South Korean Central Bank Says Cryptos Pose Limited Threat to Financial Markets

Avi Rosten

The South Korean Central Bank – BOK (Bank of Korea) - has said that cryptocurrency markets do not pose a significant threat to local financial markets in another positive development for the country's crypto industry.

In a report outlined by local news agency Yonhap, the BOK said on Friday that the balance of 2 trillion Won ($1.79 billion) reached during the peak of December last year represents a small amount compared with other markets:

“The amount of crypto-asset investment is not really big, compared with other equity markets, and local financial institutions' exposure to possible risks of digital assets is insignificant. Against this backdrop, we expect crypto-assets to have a limited impact on the South Korean financial market."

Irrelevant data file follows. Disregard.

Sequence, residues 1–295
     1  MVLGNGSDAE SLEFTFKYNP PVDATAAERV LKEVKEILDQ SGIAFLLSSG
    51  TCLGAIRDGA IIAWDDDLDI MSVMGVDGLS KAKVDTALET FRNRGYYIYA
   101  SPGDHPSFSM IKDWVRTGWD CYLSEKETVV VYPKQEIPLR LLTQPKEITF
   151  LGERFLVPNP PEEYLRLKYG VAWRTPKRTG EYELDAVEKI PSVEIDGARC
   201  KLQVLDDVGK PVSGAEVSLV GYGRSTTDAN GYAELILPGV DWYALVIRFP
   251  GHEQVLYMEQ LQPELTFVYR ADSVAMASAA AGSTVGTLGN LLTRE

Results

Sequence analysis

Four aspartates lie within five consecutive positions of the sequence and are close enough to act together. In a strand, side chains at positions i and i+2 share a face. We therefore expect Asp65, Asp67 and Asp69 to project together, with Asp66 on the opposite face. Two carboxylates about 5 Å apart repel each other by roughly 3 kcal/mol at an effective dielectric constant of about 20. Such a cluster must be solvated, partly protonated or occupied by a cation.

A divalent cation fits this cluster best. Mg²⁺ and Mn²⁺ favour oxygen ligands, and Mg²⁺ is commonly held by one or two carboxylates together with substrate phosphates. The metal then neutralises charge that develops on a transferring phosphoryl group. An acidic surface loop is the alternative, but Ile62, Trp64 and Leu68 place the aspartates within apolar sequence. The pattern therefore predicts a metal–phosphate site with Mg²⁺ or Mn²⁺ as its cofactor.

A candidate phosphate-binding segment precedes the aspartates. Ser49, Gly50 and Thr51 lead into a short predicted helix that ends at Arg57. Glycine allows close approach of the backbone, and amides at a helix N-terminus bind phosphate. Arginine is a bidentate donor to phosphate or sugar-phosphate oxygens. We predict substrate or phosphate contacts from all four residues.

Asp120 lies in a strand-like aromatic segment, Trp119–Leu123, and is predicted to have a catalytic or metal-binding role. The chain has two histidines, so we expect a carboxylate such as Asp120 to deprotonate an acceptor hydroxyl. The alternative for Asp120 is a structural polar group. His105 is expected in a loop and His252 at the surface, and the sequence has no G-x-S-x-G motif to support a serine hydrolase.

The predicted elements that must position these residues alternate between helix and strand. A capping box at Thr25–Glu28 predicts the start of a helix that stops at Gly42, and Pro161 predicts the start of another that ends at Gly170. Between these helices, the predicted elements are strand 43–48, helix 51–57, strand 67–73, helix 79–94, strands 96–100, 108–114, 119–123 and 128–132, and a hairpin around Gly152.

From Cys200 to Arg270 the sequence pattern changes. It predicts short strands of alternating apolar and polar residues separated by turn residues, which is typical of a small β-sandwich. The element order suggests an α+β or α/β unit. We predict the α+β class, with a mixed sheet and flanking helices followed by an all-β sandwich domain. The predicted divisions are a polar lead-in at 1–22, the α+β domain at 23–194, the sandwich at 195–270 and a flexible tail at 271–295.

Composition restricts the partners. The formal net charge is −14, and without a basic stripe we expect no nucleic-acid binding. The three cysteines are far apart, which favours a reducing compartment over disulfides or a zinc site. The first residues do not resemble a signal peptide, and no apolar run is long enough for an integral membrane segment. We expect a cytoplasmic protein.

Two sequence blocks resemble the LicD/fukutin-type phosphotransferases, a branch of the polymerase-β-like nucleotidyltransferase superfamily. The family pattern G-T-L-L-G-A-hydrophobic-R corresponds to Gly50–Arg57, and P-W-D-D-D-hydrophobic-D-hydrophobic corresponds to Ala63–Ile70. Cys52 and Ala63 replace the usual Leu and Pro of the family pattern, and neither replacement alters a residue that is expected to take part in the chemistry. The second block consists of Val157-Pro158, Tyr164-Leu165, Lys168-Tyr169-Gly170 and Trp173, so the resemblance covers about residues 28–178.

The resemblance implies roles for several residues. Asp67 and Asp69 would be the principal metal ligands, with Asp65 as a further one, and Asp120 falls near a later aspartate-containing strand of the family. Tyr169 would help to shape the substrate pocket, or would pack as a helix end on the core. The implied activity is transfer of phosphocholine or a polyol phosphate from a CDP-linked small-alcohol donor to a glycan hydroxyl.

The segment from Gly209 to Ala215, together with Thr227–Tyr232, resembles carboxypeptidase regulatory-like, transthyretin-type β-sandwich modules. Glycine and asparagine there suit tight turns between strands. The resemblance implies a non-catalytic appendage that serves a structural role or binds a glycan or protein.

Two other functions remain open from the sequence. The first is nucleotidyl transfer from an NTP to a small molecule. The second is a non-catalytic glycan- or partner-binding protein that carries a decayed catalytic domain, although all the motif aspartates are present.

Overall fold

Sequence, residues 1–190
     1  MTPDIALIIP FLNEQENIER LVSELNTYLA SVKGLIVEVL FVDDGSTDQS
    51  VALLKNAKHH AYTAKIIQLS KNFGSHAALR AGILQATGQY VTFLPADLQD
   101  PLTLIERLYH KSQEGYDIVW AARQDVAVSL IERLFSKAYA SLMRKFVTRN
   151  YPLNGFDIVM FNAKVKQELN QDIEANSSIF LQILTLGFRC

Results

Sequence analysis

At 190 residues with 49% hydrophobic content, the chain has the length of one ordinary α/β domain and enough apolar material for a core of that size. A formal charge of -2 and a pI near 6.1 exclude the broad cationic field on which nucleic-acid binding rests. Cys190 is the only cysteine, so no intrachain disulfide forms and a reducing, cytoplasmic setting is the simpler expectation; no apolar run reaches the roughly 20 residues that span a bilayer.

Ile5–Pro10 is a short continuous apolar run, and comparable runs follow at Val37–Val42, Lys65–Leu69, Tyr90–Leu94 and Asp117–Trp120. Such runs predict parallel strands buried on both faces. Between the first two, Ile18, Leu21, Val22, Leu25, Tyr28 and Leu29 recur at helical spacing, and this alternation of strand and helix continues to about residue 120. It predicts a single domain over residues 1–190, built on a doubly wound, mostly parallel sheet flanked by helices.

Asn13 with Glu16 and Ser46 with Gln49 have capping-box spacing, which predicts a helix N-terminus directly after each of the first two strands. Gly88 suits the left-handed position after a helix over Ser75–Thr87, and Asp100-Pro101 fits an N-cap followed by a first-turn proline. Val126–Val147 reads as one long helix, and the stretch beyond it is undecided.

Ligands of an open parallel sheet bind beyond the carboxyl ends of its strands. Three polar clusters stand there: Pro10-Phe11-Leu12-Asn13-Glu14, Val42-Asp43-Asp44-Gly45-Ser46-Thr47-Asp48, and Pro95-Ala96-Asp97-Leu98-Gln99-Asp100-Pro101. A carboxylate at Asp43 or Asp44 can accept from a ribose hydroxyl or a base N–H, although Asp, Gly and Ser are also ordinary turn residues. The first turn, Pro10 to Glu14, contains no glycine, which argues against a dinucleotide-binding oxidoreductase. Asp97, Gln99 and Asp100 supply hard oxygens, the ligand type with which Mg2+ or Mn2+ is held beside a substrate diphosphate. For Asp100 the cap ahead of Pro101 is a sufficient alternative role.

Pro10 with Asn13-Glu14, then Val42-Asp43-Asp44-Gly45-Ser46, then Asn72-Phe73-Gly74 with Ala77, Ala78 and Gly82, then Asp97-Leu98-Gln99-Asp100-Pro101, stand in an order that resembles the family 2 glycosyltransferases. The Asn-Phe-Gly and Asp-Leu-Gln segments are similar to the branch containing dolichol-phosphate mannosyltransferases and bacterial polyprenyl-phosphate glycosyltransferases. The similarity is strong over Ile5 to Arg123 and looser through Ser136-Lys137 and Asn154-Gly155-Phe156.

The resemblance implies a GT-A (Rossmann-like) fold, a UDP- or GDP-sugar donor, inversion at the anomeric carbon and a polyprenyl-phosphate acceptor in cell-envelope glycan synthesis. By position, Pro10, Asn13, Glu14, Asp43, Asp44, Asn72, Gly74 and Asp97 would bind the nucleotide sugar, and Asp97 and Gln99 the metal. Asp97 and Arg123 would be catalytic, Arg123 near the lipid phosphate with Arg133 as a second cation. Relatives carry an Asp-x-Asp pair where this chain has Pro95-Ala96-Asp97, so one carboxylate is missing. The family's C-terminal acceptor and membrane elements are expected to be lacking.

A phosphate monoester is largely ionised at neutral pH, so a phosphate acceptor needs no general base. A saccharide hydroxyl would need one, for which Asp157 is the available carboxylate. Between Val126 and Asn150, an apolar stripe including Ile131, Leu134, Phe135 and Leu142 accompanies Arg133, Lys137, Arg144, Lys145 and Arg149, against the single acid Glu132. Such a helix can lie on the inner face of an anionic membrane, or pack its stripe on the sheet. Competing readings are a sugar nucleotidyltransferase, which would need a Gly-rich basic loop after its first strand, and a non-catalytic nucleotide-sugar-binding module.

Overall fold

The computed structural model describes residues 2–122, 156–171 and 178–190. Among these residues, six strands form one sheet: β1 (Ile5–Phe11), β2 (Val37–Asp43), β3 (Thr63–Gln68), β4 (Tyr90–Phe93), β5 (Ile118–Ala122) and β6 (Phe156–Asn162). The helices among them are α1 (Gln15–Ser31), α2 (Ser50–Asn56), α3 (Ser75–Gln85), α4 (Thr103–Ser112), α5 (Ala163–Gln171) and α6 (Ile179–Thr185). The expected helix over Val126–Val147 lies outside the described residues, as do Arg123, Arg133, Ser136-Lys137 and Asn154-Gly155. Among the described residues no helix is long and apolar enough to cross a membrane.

Equivalent to only 8% of the total deposits operated by South Korean brokerage houses, the report also explains how the South Korean government has implemented several measures to shore up the market and make it more transparent – including a ban on trading by minors, and a real-name account system.

Following enormous volume during the frantic December market, when South Korean exchanges Upbit and Bithumb were both regularly processing $1 billion a day in trading volume, regulators tightened rules after previously banning ICOs in September.

With the country’s Financial Services Commission (FSC) last week announcing that it is set to loosen crypto regulation and potentially lift the ICO ban in line with the G20’s goal of “unified regulations,” South Korea hopes to lead the way by treading the fine line between preventing money laundering and other criminal activity and stifling innovation in such a young industry.

 

Featured Image Credit: "Golden bitcoin and South Korea flag" by "Marco Verch" via Flickr; licensed under "CC BY 2.0"